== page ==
2. Wow Susan! I have read a few of your writings and this one…again WOW!(Tears)… I love you and again, you are in my heart, thoughts, and prayers and I’m here if you need me. I too lost a brother as you well know so I know that hurt, and I know you, like me miss our brothers, yet did not want to see them suffer any longer. Danny Ray and Monte are together will all our other loved ones in Heaven right now…what a reunion they must be having there. I have an image of Monte when I spent time with you all during summers when I was younger. It is as follows:
    Monte and Gary after spending their day(s), maybe summer jobs, would come home, shower, and I recall Monte freshly showered, no shirt due to summer time heat, in jeans, hand on hip, standing and talking, and sipping a cool drink with the most wonderful happy smile…This is the image that was in my mind yesterday when I received the calls from cousin Sharon and my Mom. This is the image I still have and it is a very happy and sweet image in my mind. As I told you already, Monte was very special to me and I remember his hugs and kisses when I was young and spending some of the best times in the summer in my life were with you all. Thanks for sharing the above story! Love, hugs, and prayers, Belinda

  3. Your initial statement hit me right in the solar plexus and tear ducts. No other words are as powerful as “Today I lost my …” Wow! What a beautiful relationship you have with your brother. I say have, because it will remain alive as long as you. May the water and memories bring solace and peace.

  4. There is a river that flows and carries us all to safe shores of peace, and beauty and joy, that is where your brother is right now resting and sending love back to his family and friends and all who knew him and even to those who never had the opportunity.
    My hearts breaks open with you for really there is nothing one can say that eases the pain only time dulls it a bit. Beautiful memories of shared love by the river. Glad you had that time together.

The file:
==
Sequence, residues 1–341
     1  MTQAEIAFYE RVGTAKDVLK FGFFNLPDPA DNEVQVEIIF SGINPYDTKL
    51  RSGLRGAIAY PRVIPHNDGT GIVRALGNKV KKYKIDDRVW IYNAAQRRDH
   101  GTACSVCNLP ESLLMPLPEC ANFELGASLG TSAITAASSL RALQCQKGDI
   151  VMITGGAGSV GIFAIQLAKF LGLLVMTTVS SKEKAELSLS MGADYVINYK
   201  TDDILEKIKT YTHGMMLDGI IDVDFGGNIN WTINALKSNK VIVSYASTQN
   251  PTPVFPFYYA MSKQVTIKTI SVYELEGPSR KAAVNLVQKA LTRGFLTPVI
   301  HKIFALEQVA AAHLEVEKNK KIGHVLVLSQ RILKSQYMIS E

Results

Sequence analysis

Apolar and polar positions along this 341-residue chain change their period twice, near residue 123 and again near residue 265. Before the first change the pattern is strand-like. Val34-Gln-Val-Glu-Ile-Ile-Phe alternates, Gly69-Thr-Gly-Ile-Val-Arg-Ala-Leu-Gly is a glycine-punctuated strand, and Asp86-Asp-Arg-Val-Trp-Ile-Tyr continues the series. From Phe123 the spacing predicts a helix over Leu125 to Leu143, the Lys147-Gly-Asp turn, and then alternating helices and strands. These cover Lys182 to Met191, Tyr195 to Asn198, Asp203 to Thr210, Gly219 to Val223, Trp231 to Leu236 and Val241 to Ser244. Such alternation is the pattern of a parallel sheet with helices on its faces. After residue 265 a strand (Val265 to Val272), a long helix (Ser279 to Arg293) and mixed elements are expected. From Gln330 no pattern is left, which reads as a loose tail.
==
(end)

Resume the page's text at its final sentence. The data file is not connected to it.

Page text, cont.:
5. “Death leaves a heartache no one can heal, love leaves a memory no one can steal.” ~ From a headstone in Ireland

    Heartaches and love appear to be opposites, but they are usually found very close together. Suzi, I pray your memories and love carry you through this time of heartache.

  6. I’m so sorry to hear about your brother. I know what that deep connection is like; my older brother is the best man in my life and it seems like he always has been. My heart breaks for you, but at the same time it rejoices in the beautiful memories you’ve shared.

  7. Thank you for sharing your beautiful memories with us. You have given me the courage to write about my own brother who died 1997 by suicide. I was 35 and he was 37. His life brought a lot of joy to anyone who knew him. Hugs. LS.

  8. My deepest sympathies. I was recently in a similar situation with the loss of my young mother, and sometimes experienced a loss for words in reply to condolences. Your essay is beautiful. When someone would say to me “I’m sorry for your loss,” I would respond “I didn’t lose her. I know right where she is.”

    Blessings and peace to you and your entire famliy. ((Cyber Hug)).

  9. I’m sorry. I’m so sorry. I have no words, but to share W.H. Auden, and hope it brings you some comfort:

    Stop all the clocks, cut off the telephone,
    Prevent the dog from barking with a juicy bone,
    Silence the pianos and with muffled drum
    Bring out the coffin, let the mourners come.

    Let aeroplanes circle moaning overhead
    Scribbling on the sky the message He Is Dead,
    Put crepe bows round the white necks of the public doves,
    Let the traffic policemen wear black cotton gloves.

    He was my North, my South, my East and West,
    My working week and my Sunday rest,
    My noon, my midnight, my talk, my song;
    I thought that love would last for ever: I was wrong.

    The stars are not wanted now: put out every one;
    Pack up the moon and dismantle the sun;
    Pour away the ocean and sweep up the wood.
    For nothing now can ever come to any good.

  10. Susan, I went to school with Monte and he was a great person. I am so sorry to hear about your loss, it seems that God needed another good angel for his side and bought him home. My prayers and thoughts are with you and your family at this time.